Telok Ayer Church ranks as the oldest among Methodist Chinese speaking churches. Deep in the heart of the old Chinese settlement, the church was the base from which the Methodist pioneer missionary, Dr
. Benjamin West, reached out to the migrated Chinese. It was in 1889 when Dr. West rented a shophouse in Upper Nanking Street (now no more in existence) to practise medicine and to work as a missionary. He started 2 services on Sunday in August that year at the shophouse, preaching to a congregation of 30 people, speaking in Malay which was translated into Hokkien.
In 1905, the shophouse structure was falling apart, but the Church found a new worship place at No. 12 Japan Street (now Boon Tat Street). In 1913, the Church bought a piece of land at the junction of Telok Ayer Street and Cecil Street. A tent was erected on the site. The Church continued to grow but the tent was soon in a dilapidated state. The Church had to move temporarily to Fairfield Methodist Girls' School at Neil Road. Meanwhile, a zinc hut measuring 6m by 10 m in floor area was constructed on the same site and in September that year, the Church resumed its worship at Telok Ayer. In 1921, more land was acquired at an adjoining site. The zinc hut was demolished and a three-storey building was built on the larger land by a French firm, Bross and Mogin. The architect was Swan & Maclaren. The building was completed and the sanctuary was dedicated on 11 January 1925. In 1935, Dr. John Sung, a well-known Chinese evangelist from China,
conducted revival meetings in the Church. Singapore suffered the ravages of World War II in 1941 and it fell into Japanese hands on 15 February 1942. The Church was used as a refuge for about 300 people. Countless members continued to be encouraged at the weekly Sunday services which did not stop throughout those difficult and trying years.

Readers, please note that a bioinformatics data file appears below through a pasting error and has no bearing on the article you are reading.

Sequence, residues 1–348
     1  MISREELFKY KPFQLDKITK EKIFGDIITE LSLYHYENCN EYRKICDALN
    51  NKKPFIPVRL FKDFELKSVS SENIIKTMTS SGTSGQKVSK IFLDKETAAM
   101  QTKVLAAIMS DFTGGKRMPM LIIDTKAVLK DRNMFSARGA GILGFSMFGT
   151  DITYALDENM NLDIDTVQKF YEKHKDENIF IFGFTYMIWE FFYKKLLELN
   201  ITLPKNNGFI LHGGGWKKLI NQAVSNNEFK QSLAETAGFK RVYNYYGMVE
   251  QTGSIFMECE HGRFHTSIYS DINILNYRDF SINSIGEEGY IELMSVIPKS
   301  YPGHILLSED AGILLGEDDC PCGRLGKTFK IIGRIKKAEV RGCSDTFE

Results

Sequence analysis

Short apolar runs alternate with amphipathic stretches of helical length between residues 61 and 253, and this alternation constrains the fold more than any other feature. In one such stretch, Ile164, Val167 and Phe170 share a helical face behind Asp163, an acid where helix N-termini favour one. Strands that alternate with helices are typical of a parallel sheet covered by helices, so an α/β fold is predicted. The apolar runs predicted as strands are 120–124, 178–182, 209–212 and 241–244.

Amazingly, after so many years, the church building has kept to the original design with little alteration to the exterior look. The basic design is western: a rectangular main body sitting on arch colonnades. But the architecture added an open pavilion on the roof at the front of the building. The roof of the pavilion is carved in the traditional Chinese manner. By this addition, the basically Roman styled building is given a Chineseness that will speak to the migrant Chinese and be identified with them. The Church sanctuary is located at the second storey level.
For country churches, it is natural to have the sanctuary on the first storey, but for city churches, it is more practical to have a second storey sanctuary. At the time of building, it was common for European city churches to locate the sanctuary on the second storey. In Singapore, Telok Ayer Church could be the first church building to adopt this design.
Because of our history and the uniqueness of our Church building, on 23 March 1989, the government announced that Telok Ayer Church would be preserved as a National Monument. That year also marked our Church's 100th Anniversary. A series of programmes were drawn up throughout that year for the centennial celebrations. In the following year, in response to the Government's preservation as National Monument, the Church embarked on a major extension and renovation work to restore the Church building to its original grandeur. Started in October 1993, the preservation and conservation project ended in August 1995 with a total cost of 3 million dollars. As we entered into the new Millennium, we launched a new church building project at the site of our former branch church at 61 Wishart Road, off Telok Blangah Road.
The new church building known as TA2 houses an 800-seat sanctuary with modern audio-visual facilities and an education centre. The groundbreaking was held on 16 Feb 2003. TA2 was completed in November 2004 and a combined Christmas thanksgiving service was held there on 19 Dec 2004. Regular Hokkien and Mandarin sunday worships at TA2 commenced on 2 Jan 2005. Two English sunday services and an afternoon Hokkien sunday service are held at TA.
For more than a hundred years, many believers worshipped in this Church. Many of our forefathers from China came here to receive the baton of gospel, evangelizing to their own friends and relatives. Many migrant Chinese received Christ as their personal savior and were baptized here right in this Church. From the days of the rented shophouse, meeting tent, zinc hut to the present solid brick building and then the new TA2 building, Telok Ayer Chinese Methodist Church will continue to be a beacon, shining for the Lord in the commercial and entrepot heartland of Singapore